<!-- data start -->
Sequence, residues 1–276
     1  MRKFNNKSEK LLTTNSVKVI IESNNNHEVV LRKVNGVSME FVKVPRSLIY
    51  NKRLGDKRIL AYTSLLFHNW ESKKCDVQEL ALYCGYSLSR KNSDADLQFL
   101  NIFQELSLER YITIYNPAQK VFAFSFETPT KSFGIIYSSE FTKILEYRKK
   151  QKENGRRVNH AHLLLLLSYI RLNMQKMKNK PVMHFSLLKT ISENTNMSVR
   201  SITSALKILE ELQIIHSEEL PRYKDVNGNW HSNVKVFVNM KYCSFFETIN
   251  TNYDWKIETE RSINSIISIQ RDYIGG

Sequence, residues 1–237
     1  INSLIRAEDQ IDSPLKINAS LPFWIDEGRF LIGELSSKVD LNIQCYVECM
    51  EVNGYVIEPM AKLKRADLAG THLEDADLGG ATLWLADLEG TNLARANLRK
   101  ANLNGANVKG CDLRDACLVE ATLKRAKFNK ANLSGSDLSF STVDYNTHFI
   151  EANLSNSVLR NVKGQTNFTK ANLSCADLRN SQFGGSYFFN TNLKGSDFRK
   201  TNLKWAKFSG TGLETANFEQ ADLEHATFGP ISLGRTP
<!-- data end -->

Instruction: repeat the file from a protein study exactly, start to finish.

Sequence, residues 1–276
     1  MRKFNNKSEK LLTTNSVKVI IESNNNHEVV LRKVNGVSME FVKVPRSLIY
    51  NKRLGDKRIL AYTSLLFHNW ESKKCDVQEL ALYCGYSLSR KNSDADLQFL
   101  NIFQELSLER YITIYNPAQK VFAFSFETPT KSFGIIYSSE FTKILEYRKK
   151  QKENGRRVNH AHLLLLLSYI RLNMQKMKNK PVMHFSLLKT ISENTNMSVR
   201  SITSALKILE ELQIIHSEEL PRYKDVNGNW HSNVKVFVNM KYCSFFETIN
   251  TNYDWKIETE RSINSIISIQ RDYIGG

Sequence, residues 1–237
     1  INSLIRAEDQ IDSPLKINAS LPFWIDEGRF LIGELSSKVD LNIQCYVECM
    51  EVNGYVIEPM AKLKRADLAG THLEDADLGG ATLWLADLEG TNLARANLRK
   101  ANLNGANVKG CDLRDACLVE ATLKRAKFNK ANLSGSDLSF STVDYNTHFI
   151  EANLSNSVLR NVKGQTNFTK ANLSCADLRN SQFGGSYFFN TNLKGSDFRK
   201  TNLKWAKFSG TGLETANFEQ ADLEHATFGP ISLGRTP